I breathed out a long sigh, and tried to keep my patience. “Okay … How old am I?”
“You are eighteen years old.”
Okay, so I had guessed correctly on that one. “So, how old was I when I … fell asleep?”
“You were seventeen. It was about half a year ago.”
Half a year. That wasn’t so bad, I told myself. It could have been worse.
But why did I even care? It’s not like I could remember what I had left behind in that time. It’s not like I had anything or anyone to worry about, except for myself. So what did it matter? I could have been asleep for a century, and it wouldn’t have made a difference.
The thought irritated me, for some reason, filling me with bitterness. I kicked a piece of broken brick as I walked, watching it skip ahead of me on the littered pavement, over and over again. It was like my mind, my memories: right there, right in my reach, and yet always getting away from me, always a step ahead.
“Okay,” I said again, realizing that I hadn’t spoken for a whole minute. “So, you keep telling me that I have some special ‘destiny’ or whatever, all this save-the-world crap. Right? So, I assume, then, that I have some sort of … abilities, to help me with that.”
“Clarify,” the voice instructed.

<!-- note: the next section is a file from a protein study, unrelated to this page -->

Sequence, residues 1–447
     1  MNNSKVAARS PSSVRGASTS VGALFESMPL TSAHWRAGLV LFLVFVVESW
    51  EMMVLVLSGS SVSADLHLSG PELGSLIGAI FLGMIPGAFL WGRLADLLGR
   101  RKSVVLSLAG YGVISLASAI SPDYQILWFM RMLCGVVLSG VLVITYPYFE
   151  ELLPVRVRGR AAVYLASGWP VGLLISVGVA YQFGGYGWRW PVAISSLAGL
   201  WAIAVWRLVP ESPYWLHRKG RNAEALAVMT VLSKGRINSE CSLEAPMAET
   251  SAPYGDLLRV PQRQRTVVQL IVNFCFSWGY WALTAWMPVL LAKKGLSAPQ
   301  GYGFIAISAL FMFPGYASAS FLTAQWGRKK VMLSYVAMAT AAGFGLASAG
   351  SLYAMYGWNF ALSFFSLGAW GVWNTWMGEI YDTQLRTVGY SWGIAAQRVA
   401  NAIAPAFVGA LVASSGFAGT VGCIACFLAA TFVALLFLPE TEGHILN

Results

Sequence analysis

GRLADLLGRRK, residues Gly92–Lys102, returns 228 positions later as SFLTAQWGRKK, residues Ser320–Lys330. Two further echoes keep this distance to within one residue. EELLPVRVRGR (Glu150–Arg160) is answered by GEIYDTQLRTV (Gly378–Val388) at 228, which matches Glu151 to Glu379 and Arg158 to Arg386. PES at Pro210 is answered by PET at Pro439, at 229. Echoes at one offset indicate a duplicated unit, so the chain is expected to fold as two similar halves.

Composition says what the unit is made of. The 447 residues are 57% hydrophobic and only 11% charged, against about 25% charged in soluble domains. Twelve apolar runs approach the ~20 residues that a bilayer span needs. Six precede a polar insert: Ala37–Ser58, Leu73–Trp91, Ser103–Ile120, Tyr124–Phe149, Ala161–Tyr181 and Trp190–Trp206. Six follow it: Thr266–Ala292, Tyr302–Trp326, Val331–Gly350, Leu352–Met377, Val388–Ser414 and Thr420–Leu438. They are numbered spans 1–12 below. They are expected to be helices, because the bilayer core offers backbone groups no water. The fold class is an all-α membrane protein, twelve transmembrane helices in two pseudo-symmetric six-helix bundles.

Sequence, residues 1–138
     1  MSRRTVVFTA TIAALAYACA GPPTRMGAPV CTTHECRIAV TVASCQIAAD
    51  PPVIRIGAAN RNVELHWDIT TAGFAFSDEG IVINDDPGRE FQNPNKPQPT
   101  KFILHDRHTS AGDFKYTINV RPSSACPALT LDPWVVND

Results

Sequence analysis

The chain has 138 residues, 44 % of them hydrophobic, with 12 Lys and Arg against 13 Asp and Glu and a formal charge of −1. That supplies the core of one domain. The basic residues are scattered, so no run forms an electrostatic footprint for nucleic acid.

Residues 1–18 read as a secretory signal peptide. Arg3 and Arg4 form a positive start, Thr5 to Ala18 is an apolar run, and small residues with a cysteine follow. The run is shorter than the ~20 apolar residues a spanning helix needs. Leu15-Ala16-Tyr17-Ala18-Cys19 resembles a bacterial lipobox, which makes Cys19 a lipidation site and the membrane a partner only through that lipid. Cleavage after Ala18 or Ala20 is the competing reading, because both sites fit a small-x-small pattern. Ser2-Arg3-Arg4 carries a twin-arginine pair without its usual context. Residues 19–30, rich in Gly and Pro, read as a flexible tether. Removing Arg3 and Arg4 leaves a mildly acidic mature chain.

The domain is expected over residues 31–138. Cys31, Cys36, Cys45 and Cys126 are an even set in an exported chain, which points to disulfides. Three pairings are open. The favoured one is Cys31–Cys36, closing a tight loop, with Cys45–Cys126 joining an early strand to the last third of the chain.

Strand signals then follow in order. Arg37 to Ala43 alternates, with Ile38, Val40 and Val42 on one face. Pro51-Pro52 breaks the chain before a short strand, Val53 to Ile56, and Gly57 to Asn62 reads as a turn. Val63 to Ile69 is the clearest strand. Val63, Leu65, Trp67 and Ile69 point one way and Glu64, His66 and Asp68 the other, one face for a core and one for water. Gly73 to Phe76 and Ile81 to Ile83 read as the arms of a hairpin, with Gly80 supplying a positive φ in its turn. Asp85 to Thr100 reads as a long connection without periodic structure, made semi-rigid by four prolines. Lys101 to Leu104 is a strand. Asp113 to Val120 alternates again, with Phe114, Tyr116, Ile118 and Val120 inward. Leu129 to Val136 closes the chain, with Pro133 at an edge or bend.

“Fine, fine,” I exclaimed. “I know this is a stupid question. But I guess what I’m trying to ask is: Do I have superpowers?”
The voice paused. “Something like that.”
“Yay,” I said, with no enthusiasm. “What can I do, then? Can I fly?”
“Shoot lasers from my eyes?”
“Uh … Do I have telekinesis?”
Darn. Telekinesis would’ve been cool.
“Can I turn invisible?”
I was running out of ideas. “Can I drink an entire gallon of milk without puking?”
The voice’s tone remained serious, impassive. “Why would you want to do that?”
“I wouldn’t!” I exclaimed. “But you’re not really helping me out, here. Are you going to tell me what I can do or what?”
Right then, I got that feeling again: the feeling like I was losing control of myself. I stopped, suddenly, and looked at the ground. I saw the piece of brick that I had been kicking, and felt compelled to pick it up, which I did. I felt its rough edges, its coarse texture, its weight in the palm of my hand.
Then my fingers curled around it, lightly at first. I narrowed my eyes, and a strange, blank emotion washed over my thoughts. At the same time, an irresistible adrenaline shot through my veins, tingling at my fingertips. My fist grew tighter and tighter, closing around the solid object I was holding.
In the back of my mind, I wondered what I was doing. I wondered what I expected to happen, or what the voice expected to happen. Nothing was supposed to happen … Right? I was squeezing a piece of rock – or whatever brick was made out of. Big deal.
Only, instead of resisting, the piece of brick gave way. When I should have stopped, unable to close my fingers any more, they kept going, closing, crushing.
Then the only thing left in my hand was a crumbled mess, a dull red gravel that slipped through my fingers and fell to the ground.
I stared and stared, coming back to my senses with a jolt. “Oh,” I said.